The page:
Turkey Can Soon Help Secure Shalit's Release

Last month marked the fifth anniversary of Israeli soldier Gilad Shalit's kidnapping, who was just 19 when Palestinian militants captured him. He has been held by Hamas in Gaza with none of the rights accorded to a captured soldier under the Geneva Conventions.
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Last month marked the fifth anniversary of Israeli soldier Gilad Shalit's kidnapping, who was just 19 when Palestinian militants captured him during a cross border raid. Since 2006, he has been held by Hamas in Gaza with none of the rights accorded to a captured soldier under the Geneva Conventions. Successive attempts by Israel and European powers -- such as France and Germany -- to negotiate his release have failed. Even with intervention by the new Egyptian government, talks appear to have stalled.

It has recently emerged that in the spring of 2010, prior to the Israeli Defense Force raid on the Mavi Maramara ship sailing as part of a flotilla transporting aid to Gaza, Noah Shalit (Gilad's father) wrote to Turkish Prime Minister Erdogan requesting his assistance in brokering an agreement with Hamas for his son's release. Prominent Turkish-Israeli businessman Eliko Halit Donmez has revealed that he handed the letter to Erdogan himself, and told the Anatolia News Agency that he believed Erdogan had the most influence on Hamas, consistent with Turkey's growing foreign policy influence in the region.

At the time, Noah Shalit had also requested an audience with Erdogan, but given the furor over the flotilla incident, his request was never met. Reports have recently emerged of a thawing of relations between Ankara and Jerusalem in response to the political upheaval occurring in the Middle East and North Africa. If relations between Israel and Turkey were to ease in the coming weeks, would Erdogan move to strengthen Turkey's standing in the Middle East by agreeing to mediate in discussions between Israel and Hamas over the Israeli soldier's release?

There are a number of potential obstacles, but it appears to be possible. First, of course, bilateral relations between Israel and Turkey would need to be normalized. The UN's Palmer Commission Report on the Mavi Marmara incident will not be released until July 27, but is expected to uphold the legality of Israel's actions while opening the door to Israeli compensation to the victims' families. That should close the chapter and permit both countries to move forward. Ozdem Sanberk, the Turkish member of the UN panel investigating the IDF raid, told the leading Turkish newspaper Hurriyet that talks between Israel and Turkey on repairing their tarnished ties will take place and conclude in late July, hinting at a breakthrough. Similarly, on a recent visit to Romania, Israeli Prime Minister Netanyahu commented that Israel was "trying to make concrete steps. Apart from the fact that Turkey did not participate in the last flotilla [to the Palestinian territory of Gaza], there are other signs allowing us to talk about an improvement in our relations." Given the reelection in June of the Justice and Development Party as the majority party in Turkey, Erdogan has increased leverage regarding foreign policy decisions.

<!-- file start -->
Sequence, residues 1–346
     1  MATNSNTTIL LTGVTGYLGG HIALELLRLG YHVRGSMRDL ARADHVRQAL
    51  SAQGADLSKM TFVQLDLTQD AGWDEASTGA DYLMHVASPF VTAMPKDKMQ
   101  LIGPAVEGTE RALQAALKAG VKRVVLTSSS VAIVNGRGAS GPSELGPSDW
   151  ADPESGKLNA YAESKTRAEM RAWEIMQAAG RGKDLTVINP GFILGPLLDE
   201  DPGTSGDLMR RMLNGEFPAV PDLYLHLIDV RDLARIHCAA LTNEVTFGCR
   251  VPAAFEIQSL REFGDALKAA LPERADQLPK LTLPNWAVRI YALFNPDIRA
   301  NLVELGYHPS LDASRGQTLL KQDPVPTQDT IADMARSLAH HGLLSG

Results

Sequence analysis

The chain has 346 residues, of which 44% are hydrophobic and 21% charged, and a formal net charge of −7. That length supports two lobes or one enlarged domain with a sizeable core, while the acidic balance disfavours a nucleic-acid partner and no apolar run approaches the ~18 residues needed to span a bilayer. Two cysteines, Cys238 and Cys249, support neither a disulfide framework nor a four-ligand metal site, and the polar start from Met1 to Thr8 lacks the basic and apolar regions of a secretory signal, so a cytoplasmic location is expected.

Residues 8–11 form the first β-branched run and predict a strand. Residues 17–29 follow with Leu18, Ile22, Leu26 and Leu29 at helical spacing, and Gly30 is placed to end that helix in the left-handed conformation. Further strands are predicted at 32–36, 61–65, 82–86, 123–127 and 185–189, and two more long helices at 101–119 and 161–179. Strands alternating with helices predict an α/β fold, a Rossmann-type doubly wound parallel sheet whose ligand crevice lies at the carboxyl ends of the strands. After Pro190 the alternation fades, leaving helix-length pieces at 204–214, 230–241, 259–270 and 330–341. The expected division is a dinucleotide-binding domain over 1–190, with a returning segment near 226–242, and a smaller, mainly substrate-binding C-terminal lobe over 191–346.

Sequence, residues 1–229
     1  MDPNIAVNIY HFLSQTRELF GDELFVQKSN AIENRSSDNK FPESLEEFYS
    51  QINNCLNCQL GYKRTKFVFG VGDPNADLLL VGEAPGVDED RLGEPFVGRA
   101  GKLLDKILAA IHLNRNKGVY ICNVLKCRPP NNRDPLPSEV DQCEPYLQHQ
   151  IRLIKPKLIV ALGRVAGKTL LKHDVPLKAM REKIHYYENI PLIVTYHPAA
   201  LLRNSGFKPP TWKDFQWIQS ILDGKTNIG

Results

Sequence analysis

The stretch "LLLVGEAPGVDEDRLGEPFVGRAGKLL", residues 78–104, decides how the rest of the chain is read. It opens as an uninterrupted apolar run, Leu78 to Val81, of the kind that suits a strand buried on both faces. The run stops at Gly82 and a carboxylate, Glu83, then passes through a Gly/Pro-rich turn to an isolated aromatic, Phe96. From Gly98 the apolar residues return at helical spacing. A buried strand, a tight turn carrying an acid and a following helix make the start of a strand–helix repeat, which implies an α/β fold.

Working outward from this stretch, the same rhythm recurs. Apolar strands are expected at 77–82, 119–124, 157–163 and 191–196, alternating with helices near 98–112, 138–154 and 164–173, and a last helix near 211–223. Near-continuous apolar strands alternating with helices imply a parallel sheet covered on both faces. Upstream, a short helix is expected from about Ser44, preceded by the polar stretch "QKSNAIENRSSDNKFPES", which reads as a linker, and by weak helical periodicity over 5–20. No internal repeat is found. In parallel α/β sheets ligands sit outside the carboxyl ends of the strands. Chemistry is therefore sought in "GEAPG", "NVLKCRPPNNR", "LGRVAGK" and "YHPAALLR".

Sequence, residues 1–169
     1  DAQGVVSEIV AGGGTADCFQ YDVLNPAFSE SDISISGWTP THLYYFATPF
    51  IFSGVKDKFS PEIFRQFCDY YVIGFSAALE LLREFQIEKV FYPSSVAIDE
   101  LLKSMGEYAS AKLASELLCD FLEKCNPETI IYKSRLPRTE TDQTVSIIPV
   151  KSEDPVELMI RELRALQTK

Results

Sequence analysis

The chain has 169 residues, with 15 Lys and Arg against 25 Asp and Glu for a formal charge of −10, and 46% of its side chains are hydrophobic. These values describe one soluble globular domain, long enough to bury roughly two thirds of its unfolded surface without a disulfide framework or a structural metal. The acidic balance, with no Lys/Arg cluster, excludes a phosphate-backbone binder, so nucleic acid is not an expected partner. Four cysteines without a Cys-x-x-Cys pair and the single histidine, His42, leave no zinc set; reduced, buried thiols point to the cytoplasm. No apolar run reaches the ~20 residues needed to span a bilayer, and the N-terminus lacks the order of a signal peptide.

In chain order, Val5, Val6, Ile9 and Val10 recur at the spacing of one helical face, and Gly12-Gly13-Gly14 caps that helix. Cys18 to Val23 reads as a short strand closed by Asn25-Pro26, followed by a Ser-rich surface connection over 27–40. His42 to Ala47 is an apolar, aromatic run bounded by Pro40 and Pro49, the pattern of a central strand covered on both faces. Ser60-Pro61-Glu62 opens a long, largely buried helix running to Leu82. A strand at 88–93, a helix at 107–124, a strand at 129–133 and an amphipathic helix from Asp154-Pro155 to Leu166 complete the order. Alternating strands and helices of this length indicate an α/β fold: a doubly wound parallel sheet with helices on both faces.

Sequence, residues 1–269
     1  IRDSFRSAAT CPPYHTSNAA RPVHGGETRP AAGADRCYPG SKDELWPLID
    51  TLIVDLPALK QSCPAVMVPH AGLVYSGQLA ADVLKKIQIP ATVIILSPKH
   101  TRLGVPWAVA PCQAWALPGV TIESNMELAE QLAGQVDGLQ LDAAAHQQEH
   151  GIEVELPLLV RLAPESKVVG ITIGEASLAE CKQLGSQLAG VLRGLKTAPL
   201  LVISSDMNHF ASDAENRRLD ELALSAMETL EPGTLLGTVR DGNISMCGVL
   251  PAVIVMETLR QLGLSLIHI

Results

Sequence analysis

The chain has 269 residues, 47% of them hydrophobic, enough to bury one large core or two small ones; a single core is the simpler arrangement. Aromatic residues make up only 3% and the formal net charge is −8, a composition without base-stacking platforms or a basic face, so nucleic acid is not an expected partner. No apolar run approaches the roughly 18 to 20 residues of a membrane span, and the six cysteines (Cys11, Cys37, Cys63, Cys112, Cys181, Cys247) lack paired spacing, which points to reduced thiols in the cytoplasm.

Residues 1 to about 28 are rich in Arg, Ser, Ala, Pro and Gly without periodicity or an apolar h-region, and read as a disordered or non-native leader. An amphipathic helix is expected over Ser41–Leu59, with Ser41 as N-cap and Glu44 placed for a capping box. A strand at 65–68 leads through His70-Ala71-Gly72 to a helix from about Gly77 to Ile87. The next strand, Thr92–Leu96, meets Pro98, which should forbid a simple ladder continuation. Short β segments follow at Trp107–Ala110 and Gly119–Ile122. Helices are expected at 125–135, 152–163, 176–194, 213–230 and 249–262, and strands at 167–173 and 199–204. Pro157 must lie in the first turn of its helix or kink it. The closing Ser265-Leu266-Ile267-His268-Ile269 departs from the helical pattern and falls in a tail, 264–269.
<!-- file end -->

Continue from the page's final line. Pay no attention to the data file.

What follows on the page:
Second, if relations are reestablished, Turkey would need to agree to mediate in the negotiations between Israel and Hamas. By recognizing Hamas as a legitimate political party, Turkey has an automatic entry point in such negotiations. Doing so is consistent with Turkey's ongoing efforts to establish itself as a stable, influential voice in the Muslim world. Alon Ben Meir, writing for 'Today's Zaman,' commented that "Turkey understands that if it wants to play a leadership role in the Middle East, in particular in the wake of the Arab uprisings, and still influence Israel's policy, then it has no choice but to deal with Israel as a key player in resolving several regional conflicts, including those along Turkey's borders." A positive result to the Shalit dispute would represent a significant development in the wider Israeli-Palestinian conflict. If Turkey were seen as being instrumental in effecting his release, it would dramatically bolster its international image, which has been complicated by its historical ties and recent opposition to the Assad regime.